A Time to Die” is a collection of end-of-life stories about monks from various monasteries in France. One might expect that people of such highly advanced spirituality would have singular and inspiring passages from this life, but that is not always or necessarily true. Death is a great leveling force for which it is difficult to prepare. And the impact is also upon the healthy who remain in the community from which a fellow monk has passed.  While the entire book was interesting, for the purpose of review, and for the sake of simplicity, I focus below on excerpts related to just one element — which is usually ignored in contemporary writing – the implicit competition between the continuously evolving medical system and structures of this age, with the possibility of losing all meaning of death and its preparation and, yes, even suffering, and the societal pressures to hide and deny much of the death experience, especially pain. To make the point more sharply, the challenging decisions are not only between choosing medications leading to and maybe risking death, with the extraordinary rate of technological change associated with such treatments, but also the level of participation in the experience of death as the most important moment of life. Here are the related excerpts on a difficult subject, from “A Time to Die.”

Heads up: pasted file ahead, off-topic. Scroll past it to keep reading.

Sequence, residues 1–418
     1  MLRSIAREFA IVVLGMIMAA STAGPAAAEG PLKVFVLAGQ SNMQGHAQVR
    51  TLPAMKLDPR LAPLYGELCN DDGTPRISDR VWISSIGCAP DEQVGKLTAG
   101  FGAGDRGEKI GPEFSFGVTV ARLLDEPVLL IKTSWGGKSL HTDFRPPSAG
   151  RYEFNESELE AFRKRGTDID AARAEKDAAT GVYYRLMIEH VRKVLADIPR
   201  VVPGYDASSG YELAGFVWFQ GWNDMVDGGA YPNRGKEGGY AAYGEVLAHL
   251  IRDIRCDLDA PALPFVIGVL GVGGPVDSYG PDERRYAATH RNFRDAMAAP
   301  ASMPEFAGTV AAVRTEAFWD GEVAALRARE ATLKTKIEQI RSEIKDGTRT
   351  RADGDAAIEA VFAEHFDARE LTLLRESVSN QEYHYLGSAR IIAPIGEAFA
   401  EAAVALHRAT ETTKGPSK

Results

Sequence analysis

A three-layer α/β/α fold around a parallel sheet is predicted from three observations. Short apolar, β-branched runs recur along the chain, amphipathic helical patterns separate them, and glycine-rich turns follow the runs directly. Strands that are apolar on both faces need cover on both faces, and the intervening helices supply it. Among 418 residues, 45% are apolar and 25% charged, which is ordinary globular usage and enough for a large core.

• P41: “The Father Abbot of En-Calcat had always believed it was not right to struggle to keep a very elderly person alive: ‘If a monk allows himself to be dragged into this game, he loses the meaning of his religious profession, which consists in the knowledge that we owe our lives to Another.’ Dom David does not trust a system where medicine alone gives meaning to life. ‘Where is God in these complex mechanisms?’ He is afraid of this transfer from the divine to medical power.”